But prospects of a deal have only increased anxiety in Saudi Arabia, Iran's regional rival. The two nations stand on opposite sides in regional conflicts from Syria to Bahrain and Yemen.

"The Saudis are worried it will lead to the Americans letting the Iranians get away with whatever they are doing in the region," says Jamal Khashoggi, a U.S.-educated Saudi journalist and editor-in-chief of Al Arab News Channel.

The Saudis see an Iran that is dominant in Lebanon and Iraq and forcefully propping up a long-time ally, President Bashar Assad, in Syria. In the Saudi view, a successful nuclear deal would give the Iranians another step up the ladder to regional dominance.

After decades of U.S.-Iranian enmity, open channels of communication between Washington and Tehran now unsettle the Saudis.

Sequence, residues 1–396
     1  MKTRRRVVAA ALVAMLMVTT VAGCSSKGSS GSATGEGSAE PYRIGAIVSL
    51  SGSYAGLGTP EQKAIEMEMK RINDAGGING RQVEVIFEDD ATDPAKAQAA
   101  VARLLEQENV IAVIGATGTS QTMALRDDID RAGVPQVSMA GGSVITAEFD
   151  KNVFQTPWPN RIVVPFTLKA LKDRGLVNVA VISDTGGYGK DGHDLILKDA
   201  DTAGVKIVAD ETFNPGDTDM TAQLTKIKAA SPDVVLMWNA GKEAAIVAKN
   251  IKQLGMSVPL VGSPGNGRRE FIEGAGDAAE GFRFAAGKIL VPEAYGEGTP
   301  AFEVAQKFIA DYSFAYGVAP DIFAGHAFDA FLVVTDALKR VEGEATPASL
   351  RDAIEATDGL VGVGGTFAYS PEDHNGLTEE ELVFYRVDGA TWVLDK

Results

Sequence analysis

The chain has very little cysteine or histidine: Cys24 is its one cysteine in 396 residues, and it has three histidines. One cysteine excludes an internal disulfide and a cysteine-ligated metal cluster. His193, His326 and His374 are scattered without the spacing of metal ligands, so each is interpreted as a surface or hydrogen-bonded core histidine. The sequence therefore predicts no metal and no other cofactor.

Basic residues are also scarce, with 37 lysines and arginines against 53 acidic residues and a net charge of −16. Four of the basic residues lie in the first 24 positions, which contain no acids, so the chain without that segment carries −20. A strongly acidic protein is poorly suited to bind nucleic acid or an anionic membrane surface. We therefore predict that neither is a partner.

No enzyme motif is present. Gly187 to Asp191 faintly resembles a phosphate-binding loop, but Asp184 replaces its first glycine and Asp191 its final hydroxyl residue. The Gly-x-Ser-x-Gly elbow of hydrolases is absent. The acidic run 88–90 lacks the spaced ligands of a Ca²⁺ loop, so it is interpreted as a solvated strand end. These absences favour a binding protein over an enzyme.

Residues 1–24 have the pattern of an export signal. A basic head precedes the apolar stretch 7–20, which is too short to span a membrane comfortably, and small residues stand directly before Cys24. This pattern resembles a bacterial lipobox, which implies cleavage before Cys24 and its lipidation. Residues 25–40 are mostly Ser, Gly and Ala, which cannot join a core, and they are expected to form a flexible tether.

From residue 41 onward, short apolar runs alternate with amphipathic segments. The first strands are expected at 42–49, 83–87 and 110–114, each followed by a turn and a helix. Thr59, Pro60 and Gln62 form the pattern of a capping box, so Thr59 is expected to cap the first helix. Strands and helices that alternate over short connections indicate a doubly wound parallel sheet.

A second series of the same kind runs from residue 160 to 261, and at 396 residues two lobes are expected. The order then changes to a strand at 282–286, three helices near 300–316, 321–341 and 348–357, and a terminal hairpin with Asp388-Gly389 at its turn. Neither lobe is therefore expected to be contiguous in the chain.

"Many are worried," explains Khashoggi, because they believe it a choice between them or us. "The Americans can only take one wife," he says, describing alliances in the region. But he believes this thinking is wrong.

"We Saudis need to look differently. The Iran of the 1980s is disappearing." Saudis don't see Iran's "huge transformation." he adds. "They don't want to believe there is a strong middle class."

Saudi Arabia's official anxiety is likely to become more pronounced, certainly in the short run, says Andrew Tabler, of the Washington Institute for Near East Policy, "Especially after more than three years of bloody conflict in Syria, where Sunni powers (like Saudi Arabia) see an existential conflict."

The Obama administration continues to reassure Saudi Arabia that the U.S. is committed to Saudi security. But a deal with Iran could undermine Saudi and Gulf state support for the U.S. led-coalition against the Sunni radicals of the Islamic State in Syria and Iraq.